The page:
36 thoughts on “Hallowe’en 1904 QAL–Step Five • Giveaway”
I think Halloween is for children, love the dressing up, bobbing for apples and pumpkin carving !
Please don’t include me in your giveaway Elizabeth because I am pretty ambivalent about the whole Halloween thing! But I did want to say how wonderful your quilt looks! It is a striking design! I think I could make a whole quilt of those stars and HSTs!
Definitely for the kids,but the candy is for the parents!! Love your quilt!
I think Halloween should be for the children! Adore your quilt!!
I love Halloween! I think it is for everyone who wants to join the fun. I’m a retired teacher-dressing up to answer the door was required until I retired and moved into the woods….
I think Halloween is a fun time for kids of all ages. I just ordered the Hallowe’en 1904 pattern, so there are 10 or less as of right now. Thank You for mentioning that tidbit. Are you loving the new BBD Raven pattern? I adore it and have already received my pattern booklet. The fabric collection Wild Orchid is so yummy. I just adore it too.
Thank You for sharing this quilt along. I absolutely loved following along. Pamela
I WISH Halloween were still as it was when I was a kid. Miles of neighborhood trick or treating, huge bags of candy lasting almost til Christmas, ghost stories, cool homemade costumes…and SAFE for all. Now it’s fun for adults and children! Leslie
Such a tough question…..since I make all of my grandchildren costumes each year, I guess I have to go with Halloween should be for children.
I think Halloween should be for the little ones. However the best party we ever had was an adult Halloween one. Everyone worked really hard on their costume and played every game with gusto.
Oh, how can one choose this holiday in one specific fashion. Our oldest daughter said it was her favorite holiday because you can be anything you want. I enjoy it as an adult as much as I did as a child, but in different context. I like watching children enjoy the candy part best of all.
Your blocks look incredible, Elizabeth. I know the HSTs are a royal pain, but they really make those blocks pop. Halloween is still one of my favorite holidays – for the little ones. I love seeing them all dressed up, but I must admit that I do have a few scary ghosts, spiders, etc. around the house at that time of the year.
I don’t like leaving anyone out of the fun. So I say both!
Definitely one for the kids. I love seeing them alm dressed up and listening to the terrible jokes x
both – I loved Halloween as a kid – and to tell the truth I have just as much fun as an adult – maybe even more
I’ve never been into costumes as an adult, so I’d say it’s for kids.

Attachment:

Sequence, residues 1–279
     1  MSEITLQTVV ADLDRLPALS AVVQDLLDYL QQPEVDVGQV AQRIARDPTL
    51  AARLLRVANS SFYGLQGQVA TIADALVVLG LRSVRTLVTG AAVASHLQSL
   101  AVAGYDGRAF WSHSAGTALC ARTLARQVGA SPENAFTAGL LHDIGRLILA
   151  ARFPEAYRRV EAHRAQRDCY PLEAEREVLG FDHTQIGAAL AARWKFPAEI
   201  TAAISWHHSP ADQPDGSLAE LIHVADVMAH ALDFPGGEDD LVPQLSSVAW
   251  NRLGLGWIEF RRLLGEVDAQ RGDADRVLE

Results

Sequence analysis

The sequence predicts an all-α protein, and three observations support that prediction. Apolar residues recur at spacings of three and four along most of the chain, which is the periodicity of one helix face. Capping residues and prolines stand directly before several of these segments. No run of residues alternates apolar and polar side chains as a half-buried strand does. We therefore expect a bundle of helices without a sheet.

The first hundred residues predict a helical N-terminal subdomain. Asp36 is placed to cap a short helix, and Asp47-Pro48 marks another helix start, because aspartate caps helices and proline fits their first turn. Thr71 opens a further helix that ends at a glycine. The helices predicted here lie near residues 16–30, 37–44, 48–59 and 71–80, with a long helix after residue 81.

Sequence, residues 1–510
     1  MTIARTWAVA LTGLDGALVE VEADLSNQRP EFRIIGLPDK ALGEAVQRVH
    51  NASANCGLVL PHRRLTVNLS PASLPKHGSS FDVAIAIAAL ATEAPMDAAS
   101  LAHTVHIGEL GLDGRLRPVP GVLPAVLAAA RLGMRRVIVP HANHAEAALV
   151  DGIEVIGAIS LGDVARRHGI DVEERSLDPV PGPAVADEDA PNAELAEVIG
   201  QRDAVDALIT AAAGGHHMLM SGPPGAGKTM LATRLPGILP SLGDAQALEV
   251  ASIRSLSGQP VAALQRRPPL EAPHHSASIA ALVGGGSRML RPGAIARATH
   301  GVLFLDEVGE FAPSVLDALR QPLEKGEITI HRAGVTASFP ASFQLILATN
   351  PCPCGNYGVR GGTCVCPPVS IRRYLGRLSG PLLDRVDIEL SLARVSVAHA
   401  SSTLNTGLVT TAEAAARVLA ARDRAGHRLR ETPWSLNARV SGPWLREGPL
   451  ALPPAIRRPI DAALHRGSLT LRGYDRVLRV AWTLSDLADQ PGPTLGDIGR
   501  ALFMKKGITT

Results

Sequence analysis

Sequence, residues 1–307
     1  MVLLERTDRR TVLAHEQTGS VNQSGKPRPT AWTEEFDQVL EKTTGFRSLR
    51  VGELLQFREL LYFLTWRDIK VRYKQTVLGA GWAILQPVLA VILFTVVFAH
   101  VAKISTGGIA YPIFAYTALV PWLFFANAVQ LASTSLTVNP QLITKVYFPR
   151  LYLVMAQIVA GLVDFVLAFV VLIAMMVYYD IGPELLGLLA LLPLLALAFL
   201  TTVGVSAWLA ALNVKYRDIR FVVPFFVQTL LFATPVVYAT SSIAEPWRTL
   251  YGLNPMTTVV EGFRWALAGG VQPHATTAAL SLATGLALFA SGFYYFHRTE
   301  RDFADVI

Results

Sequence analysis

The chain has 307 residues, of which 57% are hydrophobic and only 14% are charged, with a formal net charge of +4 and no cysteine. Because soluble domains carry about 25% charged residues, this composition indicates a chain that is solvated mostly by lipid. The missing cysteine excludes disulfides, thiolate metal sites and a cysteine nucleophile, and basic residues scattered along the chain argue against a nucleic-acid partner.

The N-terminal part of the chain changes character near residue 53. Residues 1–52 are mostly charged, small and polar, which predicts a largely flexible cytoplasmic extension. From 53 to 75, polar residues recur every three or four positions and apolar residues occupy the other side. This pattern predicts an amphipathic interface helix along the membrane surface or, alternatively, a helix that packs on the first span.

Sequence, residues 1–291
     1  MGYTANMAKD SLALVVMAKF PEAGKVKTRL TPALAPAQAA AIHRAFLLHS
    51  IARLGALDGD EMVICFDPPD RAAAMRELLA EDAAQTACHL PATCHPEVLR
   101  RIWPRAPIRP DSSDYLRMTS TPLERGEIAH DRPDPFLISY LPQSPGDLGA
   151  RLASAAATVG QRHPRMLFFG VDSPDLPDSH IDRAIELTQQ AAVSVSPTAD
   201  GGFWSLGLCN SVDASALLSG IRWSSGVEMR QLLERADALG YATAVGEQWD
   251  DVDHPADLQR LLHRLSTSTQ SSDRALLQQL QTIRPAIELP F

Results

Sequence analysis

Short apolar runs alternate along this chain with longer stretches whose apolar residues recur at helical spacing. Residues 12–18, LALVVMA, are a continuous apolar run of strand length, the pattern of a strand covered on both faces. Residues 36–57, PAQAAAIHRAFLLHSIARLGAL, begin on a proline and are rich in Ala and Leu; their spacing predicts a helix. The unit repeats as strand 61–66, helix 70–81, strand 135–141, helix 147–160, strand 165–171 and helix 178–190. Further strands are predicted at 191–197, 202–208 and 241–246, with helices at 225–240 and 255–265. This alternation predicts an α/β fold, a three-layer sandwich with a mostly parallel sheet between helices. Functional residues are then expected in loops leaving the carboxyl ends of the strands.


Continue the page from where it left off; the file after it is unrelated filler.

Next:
I think there is plenty that both kids and adults can do on Halloween to have fun.
I love the fun of Halloween, and that everyone gets to be a kid and play along, if they want to. I’m not a fan of gore, but I love the bats-and-spiders kind of creepy, and trick-or-treating, and costumes.
I think the holiday can be fun for all. I wish it was safer for kids to go door to door.
Just like it is now, adults and kids
For everyone – young and not so young!
This is a really beautiful quilt and you will really enjoy having it around come Halloween. So….I always hated the thought of coming up with a costume idea when Aaron was small and was thrilled when he finally made his own. I’m pretty ambivalent on Halloween too, although now for some reason I have two Halloween quilts. Go figure…
Keep it a day for the kids.
Do I have to pick? Why can’t it be both — lol? I had a lot more fun as a kid, and adults can be scary on any day of the year, so I pick kids!
at 72 and my nom at 92 we enjoy the kids trick or treating and look forward to Halloween every year. the kids definately
Love those stars! Your post gave me an immediate flashback to my girl’s first Halloween when she climbed down the porch steps of our neighbor’s house, looked at me in utter amazement and said “She give me canny!” And we were off to the races! So I say it’s for the kids, but I can’t think of a holiday I enjoy more (except maybe the 4th). I loved making their costumes, their wiggling excitement, the candy sorting….
I’m British and Halloween isn’t such a big thing here as it is in the US (although it’s growing) but I think it’s more for kids than adults.
Hallowe’en isn’t a big thing over here (give it time!) and it’s still for children – it’s quite nice to see the children dressed up and coming back year after year for some trick or treating with their (non-dressed up) parents!
We have no kids and live on a gravel road so no trick or treaters, so Halloween isn’t much of a holiday for me…plus, I no longer work outside of home, so there’s no coordinated office getup to plan. (Thank goodness!) As long as there is half-price candy at Safeway once the holiday has passed, I’m happy. 🙂
I think it should be for both — but as a family affair. I helped my niece with costumes a bit last year. Daughter (2) was Little Red Riding Hood, Son (4) was the wolf, Mom was Granny, and Dad was the huntsman. They had a riot.
Those wonky stars are my favorite! I get tired of making any block if it’s the same colors over and over again, so I agree with needing a little persuasion!
I like to think of Halloween as a holiday for anyone of any age! I loved dressing up as a kid and still do in my sweet menopausal years. One thing that does aggravate me is when teenagers go trick-or-treating and some don’t even bother with a costume. Bah humbug to them!
I love your blocks! I think Halloween is for kids of all ages. I love making costumes for my granddaughter and coming up with one for myself too! Thanks for the wonderful eye candy and the the great giveaway. My granddaughter and I love fusing, and I haven’t tried Steam a Seam.
Halloween was always a special day in our home growing up…it was my mother’s birthday! Homemade Costumes, great food and going out trick or treating. Fun times for kids.
I think Halloween is for children..costumes, trick or treat, parties! And for us Grown-ups to enjoy with them! giggle…
Thank you for chance to win your Give-a-way too! 🙂
I think Halloween should be for kids. Not too fond of it for adults…we have enough crazy-scary going on in the world.
I like it being for the kids but I know as my kids got older they liked the scary stuff. The Wizard of Oz was pretty scary so go figure.
A non-scary Halloween should be for the kids.